Background: The cyclic peptide toxins of Amanita mushrooms, such as α-amanitin and phalloidin, are encoded by the “MSDIN” gene family and ribosomally biosynthesized. Based on partial genome sequence and PCR analysis, some members of the MSDIN family were previously identified in Amanita bisporigera, and several other members are known from other species of Amanita. However, the complete complement in any one species, and hence the genetic capacity for these fungi to make cyclic peptides, remains...

Data from: Gene transfer from bacteria and archaea facilitated evolution of an extremophilic eukaryote

Gerald Schönknecht, Wei-Hua Chen, Chad M. Ternes, Guillaume G. Barbier, Roshan P. Shrestha, Mario Stanke, Andrea Bräutigam, Brett J. Baker, Jillian F. Banfield, R. Michael Garavito, Kevin Carr, Curtis Wilkerson, Stefan A. Rensing, David Gagneul, Nicholas E. Dickenson, Christine Oesterhelt, Martin J. Lercher & Andreas P. M. Weber
Some microbial eukaryotes, such as the extremophilic red alga Galdieria sulphuraria, can live in hot, toxic metal-rich, acidic environments. To elucidate the underlying molecular mechanisms of adaptation, we sequenced the 13.7 Mb genome of G. sulphuraria. This alga shows an enormous metabolic flexibility, growing either photoautotrophically or heterotrophically on more than 50 carbon sources. Environmental adaptation seems to have been facilitated by horizontal gene transfer from various bacteria and archaea, often followed by gene family...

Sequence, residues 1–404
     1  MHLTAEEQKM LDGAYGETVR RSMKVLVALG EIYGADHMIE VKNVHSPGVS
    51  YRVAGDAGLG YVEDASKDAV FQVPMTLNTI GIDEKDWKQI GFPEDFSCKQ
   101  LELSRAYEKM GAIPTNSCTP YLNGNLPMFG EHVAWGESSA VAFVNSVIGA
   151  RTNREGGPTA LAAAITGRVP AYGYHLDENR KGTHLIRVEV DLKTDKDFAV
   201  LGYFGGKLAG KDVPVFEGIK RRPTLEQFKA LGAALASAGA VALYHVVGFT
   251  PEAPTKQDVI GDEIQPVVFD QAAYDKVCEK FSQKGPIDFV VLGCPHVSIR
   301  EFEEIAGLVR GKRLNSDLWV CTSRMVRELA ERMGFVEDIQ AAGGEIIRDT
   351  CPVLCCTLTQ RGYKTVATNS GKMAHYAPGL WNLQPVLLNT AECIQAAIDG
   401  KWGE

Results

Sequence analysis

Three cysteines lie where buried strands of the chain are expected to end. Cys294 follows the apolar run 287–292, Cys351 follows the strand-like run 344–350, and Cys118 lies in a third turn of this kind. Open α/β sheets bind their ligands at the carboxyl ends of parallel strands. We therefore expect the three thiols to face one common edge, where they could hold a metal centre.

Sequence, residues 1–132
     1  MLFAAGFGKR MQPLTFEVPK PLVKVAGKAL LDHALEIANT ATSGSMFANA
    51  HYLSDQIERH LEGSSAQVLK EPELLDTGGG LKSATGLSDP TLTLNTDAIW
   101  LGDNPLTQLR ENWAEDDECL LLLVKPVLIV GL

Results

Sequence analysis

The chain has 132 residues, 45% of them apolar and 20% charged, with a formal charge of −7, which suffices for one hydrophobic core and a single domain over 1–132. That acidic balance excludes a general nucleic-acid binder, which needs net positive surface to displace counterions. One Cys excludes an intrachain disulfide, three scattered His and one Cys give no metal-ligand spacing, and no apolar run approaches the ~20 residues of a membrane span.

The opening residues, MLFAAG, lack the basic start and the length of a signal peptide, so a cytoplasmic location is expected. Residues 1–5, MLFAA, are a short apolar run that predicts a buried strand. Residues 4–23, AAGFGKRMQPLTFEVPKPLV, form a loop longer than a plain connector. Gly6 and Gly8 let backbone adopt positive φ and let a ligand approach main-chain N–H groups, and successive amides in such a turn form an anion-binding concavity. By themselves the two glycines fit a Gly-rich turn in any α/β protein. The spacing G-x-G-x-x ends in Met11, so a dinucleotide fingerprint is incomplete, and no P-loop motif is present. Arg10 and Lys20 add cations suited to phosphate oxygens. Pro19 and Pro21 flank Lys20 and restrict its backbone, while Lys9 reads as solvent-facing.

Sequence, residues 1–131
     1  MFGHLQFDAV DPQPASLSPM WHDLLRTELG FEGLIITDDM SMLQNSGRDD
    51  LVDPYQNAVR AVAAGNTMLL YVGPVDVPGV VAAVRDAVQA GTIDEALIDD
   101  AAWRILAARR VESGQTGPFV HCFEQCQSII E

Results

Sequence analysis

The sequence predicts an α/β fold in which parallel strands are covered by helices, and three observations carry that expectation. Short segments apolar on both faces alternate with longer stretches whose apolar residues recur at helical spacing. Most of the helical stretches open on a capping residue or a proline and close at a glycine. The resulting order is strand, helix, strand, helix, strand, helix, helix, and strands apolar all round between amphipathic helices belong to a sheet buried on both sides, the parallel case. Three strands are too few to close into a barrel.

Data from: Comparing the genetic architecture and potential response to selection of native and invasive populations of reed canary grass

Brittny Calsbeek, Manisha Patel, Sebastien Lavergne & Jane Molofsky
Evolutionary processes such as migration, genetic drift, and natural selection are thought to play a prominent role in species invasions into novel environments. However, few empirical studies have explored the mechanistic basis of invasion in an evolutionary framework. One promising tool for inferring evolutionarily important changes in introduced populations is the genetic variance-covariance matrix (G matrix). G matrix comparisons allow for the inference of changes in the genetic architecture of introduced populations relative to their...

Data from: Artificial selection on anther exsertion in wild radish, Raphanus raphanistrum

Jeffrey K. Conner, Cynthia J. Mills, Vanessa A. Koelling & Keith Karoly
To study the genetic architecture of anther exsertion, a trait under stabilizing selection in wild radish, artificial selection on anther exsertion was applied for 11 generations. Two replicate lines each of increased and decreased exsertion plus two randomly-mated controls were included. Full pedigree information is available from generation five. To estimate correlated responses to selection, 571 plants from all lines and matrilines were grown in the greenhouse and a number of floral, growth, and phenology...